Fourier Transform Infrared Spectrophotometer (FTIR)

views updated

Fourier Transform Infrared Spectrophotometer (FTIR)

A Fourier transform infrared spectrophotometer (FTIR) is an instrument used to examine specimens, both to detect the presence of target compounds and to measure the quantities of the compounds (quantification). FTIR can be an important analytical instrument in a forensic investigation.

A FTIR can be useful in detecting both organic chemicals (i.e., those that contain carbon) and inorganic chemicals. As with other forms of spectrophotometry, FTIR utilizes light. In this case, the wavelength of the light (the distance between a point of one light wave and the corresponding point of an adjacent wave) is in the infrared range. Infrared light lies in between the visible light and microwave portions of the electromagnetic spectrum . The infrared light that is nearest to visible light ("near infrared") has a wavelength of approximately 770 nanometers (nm; 109 meter). At the other end of the range, infrared light that is nearest to microwave radiation ("far infrared") has a wavelength of approximately 1,000,000 nm (1.0 millimeter).

The basis of FTIR is the absorption of the infrared light by various molecules in a sample. Depending on their chemical structure and three-dimensional orientation, the different sample molecules will absorb different portions of the infrared spectrum.

Depending on the nature of the chemical bond that absorbs the infrared light, a chemical bond will vibrate in varying ways. Reflecting the different types of bonds, a number of events can occur. For example, the input of vibrational energy can stretch the bonds between the carbon atom and the surrounding hydrogen atoms in CH3. Also, the carbon-hydrogen linkages of CH3 can remain the same length while the linked atoms are moved back and forth laterally to one another (rocking). Other chemical linkages, such as that between a silicon atom and CH3 group, can be altered asymmetrically along their lengths, with some regions of the bond stretching and other regions contracting (asymmetric deformation).

The absorption of light by the sample will decrease the energy of the infrared light that exits the sample chamber or produce a wave that is "out of synch" with light that has not passed through the sample. A computational comparison of the frequency patterns of the incoming and exiting infrared light can be made as described subsequently and displayed as a series of peaks rising above the background baseline. The height of the peaks corresponds to the degree of absorption and/or to the nature of the chemical bond change (i.e., stretching, rocking, deformation).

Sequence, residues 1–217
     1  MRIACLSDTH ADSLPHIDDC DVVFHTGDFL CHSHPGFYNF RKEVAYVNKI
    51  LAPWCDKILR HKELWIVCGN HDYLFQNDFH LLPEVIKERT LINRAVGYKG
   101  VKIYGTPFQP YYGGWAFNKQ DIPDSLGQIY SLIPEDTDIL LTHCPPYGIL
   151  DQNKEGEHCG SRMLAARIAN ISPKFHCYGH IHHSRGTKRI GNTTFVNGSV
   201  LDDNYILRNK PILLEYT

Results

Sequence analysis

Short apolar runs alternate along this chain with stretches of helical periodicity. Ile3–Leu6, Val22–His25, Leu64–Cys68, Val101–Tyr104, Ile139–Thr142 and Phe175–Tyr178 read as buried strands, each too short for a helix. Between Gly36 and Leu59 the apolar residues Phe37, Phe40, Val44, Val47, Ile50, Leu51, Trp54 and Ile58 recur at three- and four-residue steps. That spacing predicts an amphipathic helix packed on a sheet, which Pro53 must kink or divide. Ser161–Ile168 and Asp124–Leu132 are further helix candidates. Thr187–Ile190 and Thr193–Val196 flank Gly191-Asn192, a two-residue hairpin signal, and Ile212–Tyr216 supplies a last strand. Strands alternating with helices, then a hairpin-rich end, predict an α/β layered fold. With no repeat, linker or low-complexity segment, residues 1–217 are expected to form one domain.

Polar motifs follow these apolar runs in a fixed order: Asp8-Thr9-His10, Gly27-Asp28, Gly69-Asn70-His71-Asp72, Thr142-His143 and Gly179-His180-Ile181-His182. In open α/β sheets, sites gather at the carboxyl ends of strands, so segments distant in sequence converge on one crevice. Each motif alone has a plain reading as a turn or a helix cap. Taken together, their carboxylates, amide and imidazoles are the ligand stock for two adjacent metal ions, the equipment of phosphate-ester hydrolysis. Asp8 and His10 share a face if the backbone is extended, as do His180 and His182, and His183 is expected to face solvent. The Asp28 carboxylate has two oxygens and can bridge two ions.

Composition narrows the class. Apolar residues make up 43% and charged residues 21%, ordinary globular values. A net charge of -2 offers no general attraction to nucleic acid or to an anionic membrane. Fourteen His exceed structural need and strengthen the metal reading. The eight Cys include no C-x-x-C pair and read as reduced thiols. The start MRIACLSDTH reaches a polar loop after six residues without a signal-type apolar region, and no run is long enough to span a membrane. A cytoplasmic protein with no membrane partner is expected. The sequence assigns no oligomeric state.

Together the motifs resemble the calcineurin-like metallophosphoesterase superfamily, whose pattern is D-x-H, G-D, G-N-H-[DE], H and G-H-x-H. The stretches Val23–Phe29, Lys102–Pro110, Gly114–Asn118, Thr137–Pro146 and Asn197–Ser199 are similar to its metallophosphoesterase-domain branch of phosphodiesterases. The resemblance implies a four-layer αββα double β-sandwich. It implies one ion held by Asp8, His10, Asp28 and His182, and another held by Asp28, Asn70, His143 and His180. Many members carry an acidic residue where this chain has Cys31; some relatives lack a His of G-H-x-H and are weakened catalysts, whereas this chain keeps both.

Within the spectrophotometer, the incoming infrared light beam is split in two by a mirror. Half of the beam is directed through the sample. The aforementioned chemical interactions within the samples will produce an emerging light beam that is different in optical character from the portion of the light that has been directed away from the sample.

The two light beams will be out of phase will one another. Since light consists of waves, the out of phase waves can cancel one another or lessen the overall wave intensity through interference. The pattern that results from the interaction of the two beams is known as an interferogram.

The end result of the Fourier transform is the spectrum of peaks and valleys that is displayed to the analyst. The resulting absorption pattern can be compared to the millions of patterns that are stored in computer databases, both on-site and remotely via the Internet. If a matching spectrum is obtained, then the identity of the sample compound can be determined.

FTIR is a valuable forensic technique because of its detection sensitivity and versatility. Chemicals from a variety of sample types including blood , paints, polymer coatings, drugs and both organic and inorganic contaminants can be identified.

Liquid samples such as blood can be prepared for FTIR examination by placing a drop between two plates made of sodium chloride (salt). The salt molecules are transparent to the infrared light and so form convenient sandwiching layers to produce a thin layer of sample. Solid samples can be converted to a fine powder in combination with a carrier material like potassium bromide (KBr, which is also infrared transparent). Alternatively, solids such as polymers can be dissolved in a solvent such as methylene chloride and added to a salt plate. When the solvent evaporates, the sample forms a thin layer on the salt plate.

Solids as complex as soil have been successfully analyzed using FTIR in forensic studies.

FTIR is not a technique that can be done at the scene of a crime or accident. The spectrophotometer and ancillary computer equipment are too bulky and heavy for transport. Rather, samples need to be carefully collected and transported to a specialized laboratory that has the necessary FTIR equipment.

see also Analytical instrumentation; Breathalyzer®; Gas chromatograph-mass spectrometer; Infrared detection devices; Micro-fourier transform infrared spectrometry; Spectroscopy.